USMNT: All Square In Arizona
OTF’s Austin Fido brings his take on der Klinnsmannschaft’s dos-a-dos with El Tri…
USMNT played perma-rival Mexico to a 2-2 draw in Arizona in the last international either side will play before preliminary World Cup squads are named in May. Neither team brought a full-strength squad to the party: this match perhaps had more to do with the commercial ambitions of CONCACAF’s largest federations than FIFA. So we watched, in essence, a sort of Liga MX vs MLS All-Star game – if all the stars of those leagues happened to be either American or Mexican.
When under-strength teams collide in not-strictly-competitive circumstances, the result is often underwhelming football. Not so on this occasion. We got one half of blistering attacking play from USMNT, countered by 45 minutes of El Tri hammering back.
Entertainment aside, there were some serious questions to be addressed by this match. The next time Jurgen Klinsmann has a national team camp, it will be the prelude to the World Cup itself. Hard choices will have to be made soon. Indeed, hard choices are already being made: Klinsi moved right-hand-man Martin Vasquez out of his core coaching staff prior to this game — a move widely interpreted as a demotion.
On the field, Jurgie took the opportunity to make a few statements. The first: tactical flexibility. We’ve watched USMNT flex from a 4-2-3-1 to a 4-4-2 many times over the last 18 months or so, but we haven’t seen the team start in a 4-4-2 for a while. It may have been a decision necessitated by available personnel, but let’s take Klinsi at his word — the switch was about keeping future opponents guessing.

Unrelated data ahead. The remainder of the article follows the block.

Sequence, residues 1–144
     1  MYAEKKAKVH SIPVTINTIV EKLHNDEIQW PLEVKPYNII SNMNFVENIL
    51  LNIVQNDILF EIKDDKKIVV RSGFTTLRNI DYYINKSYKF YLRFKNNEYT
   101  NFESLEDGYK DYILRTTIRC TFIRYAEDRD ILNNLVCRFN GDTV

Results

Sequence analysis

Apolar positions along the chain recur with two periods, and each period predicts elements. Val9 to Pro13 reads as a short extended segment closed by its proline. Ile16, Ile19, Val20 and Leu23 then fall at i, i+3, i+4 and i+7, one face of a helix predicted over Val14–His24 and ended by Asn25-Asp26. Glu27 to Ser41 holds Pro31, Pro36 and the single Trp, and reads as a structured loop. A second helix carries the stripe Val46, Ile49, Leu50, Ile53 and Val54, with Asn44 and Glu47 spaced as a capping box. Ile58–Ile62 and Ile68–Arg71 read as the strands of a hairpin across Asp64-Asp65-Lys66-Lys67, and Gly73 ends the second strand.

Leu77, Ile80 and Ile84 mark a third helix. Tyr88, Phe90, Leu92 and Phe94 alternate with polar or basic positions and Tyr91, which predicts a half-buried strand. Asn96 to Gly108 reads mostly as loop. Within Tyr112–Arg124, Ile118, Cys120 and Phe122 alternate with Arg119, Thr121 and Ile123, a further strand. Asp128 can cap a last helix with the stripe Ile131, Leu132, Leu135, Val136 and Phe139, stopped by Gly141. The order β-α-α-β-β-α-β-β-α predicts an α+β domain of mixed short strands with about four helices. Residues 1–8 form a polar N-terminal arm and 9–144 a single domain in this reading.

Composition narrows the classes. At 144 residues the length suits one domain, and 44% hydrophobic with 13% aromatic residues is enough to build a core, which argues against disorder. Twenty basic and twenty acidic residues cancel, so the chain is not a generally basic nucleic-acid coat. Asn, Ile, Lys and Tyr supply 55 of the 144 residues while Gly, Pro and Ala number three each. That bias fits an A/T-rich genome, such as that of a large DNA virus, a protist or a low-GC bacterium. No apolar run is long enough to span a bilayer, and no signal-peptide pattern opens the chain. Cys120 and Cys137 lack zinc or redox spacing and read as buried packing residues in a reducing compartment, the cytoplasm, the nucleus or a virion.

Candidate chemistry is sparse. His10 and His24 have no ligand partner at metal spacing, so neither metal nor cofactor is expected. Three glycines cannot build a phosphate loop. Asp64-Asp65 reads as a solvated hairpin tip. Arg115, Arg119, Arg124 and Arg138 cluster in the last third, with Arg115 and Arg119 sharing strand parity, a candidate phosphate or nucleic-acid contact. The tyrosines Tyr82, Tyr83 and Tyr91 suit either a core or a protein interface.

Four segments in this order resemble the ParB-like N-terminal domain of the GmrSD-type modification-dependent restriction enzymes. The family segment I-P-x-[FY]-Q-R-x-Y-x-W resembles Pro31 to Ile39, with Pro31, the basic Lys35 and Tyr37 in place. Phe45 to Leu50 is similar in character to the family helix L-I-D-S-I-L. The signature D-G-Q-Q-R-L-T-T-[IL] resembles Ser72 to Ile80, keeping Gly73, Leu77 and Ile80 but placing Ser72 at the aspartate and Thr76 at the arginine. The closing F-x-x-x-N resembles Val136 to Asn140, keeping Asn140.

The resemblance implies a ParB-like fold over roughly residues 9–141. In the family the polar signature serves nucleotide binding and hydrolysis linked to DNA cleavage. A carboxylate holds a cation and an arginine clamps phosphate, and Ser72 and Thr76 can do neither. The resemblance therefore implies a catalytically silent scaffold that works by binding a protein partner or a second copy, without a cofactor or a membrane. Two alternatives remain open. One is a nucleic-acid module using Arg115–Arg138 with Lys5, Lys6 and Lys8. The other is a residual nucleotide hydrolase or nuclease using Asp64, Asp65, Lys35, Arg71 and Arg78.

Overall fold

The scouting report on USMNT has read “4-2-3-1 to start; plays a more direct 4-4-2 when chasing a game” for quite some time. He said – and he’s right – the team will need several tactical options for Brazil. Although 4-4-2 is not the most fashionable formation in modern soccer, this lineup was distinguished by a new role for Michael Bradley: central attacking midfield battering ram.
A recurring question in the management of this USMNT is how to get the best out of the Bradley-Dempsey-Donovan trio. The 4-2-3-1 is one answer: Bradley sits back as the deep-lying passer; Dempsey is the up-the-gut CAM; Donovan can buzz around on either flank, and switch with Deuce if necessary.
In Arizona, we saw a new solution to the problem: don’t start them all. This was Klinsi’s second statement: he’s serious about competition for places. Landon didn’t train too well, Landon didn’t get the start.
With Dempsey asked to play up front, and Donovan confined to the bench, the lineup told Bradley to run the midfield without deference to his seniors. He was a revelation.
Backstopped by Kyle Beckerman , Bradley dominated the first half and the score-sheet: a simple back post run off a set piece isn’t the work of a genius, but he outstripped his marker (Jesus Zavala) and clipped the ball into the net on the half-volley for the opening goal in the 15th minute; he also set up the second goal in the 28th minute, flicking Tony Beltran’s cross to the far post, where Chris Wondolowski was able to sneak by for the tap in.
For Wondo, the game could not have gone much better. After this match, he may have passed Eddie Johnson on the depth chart. This is impressive given his early work in MLS this season suggested he was no longer the cold-blooded poacher who had first recommended himself to national team duty.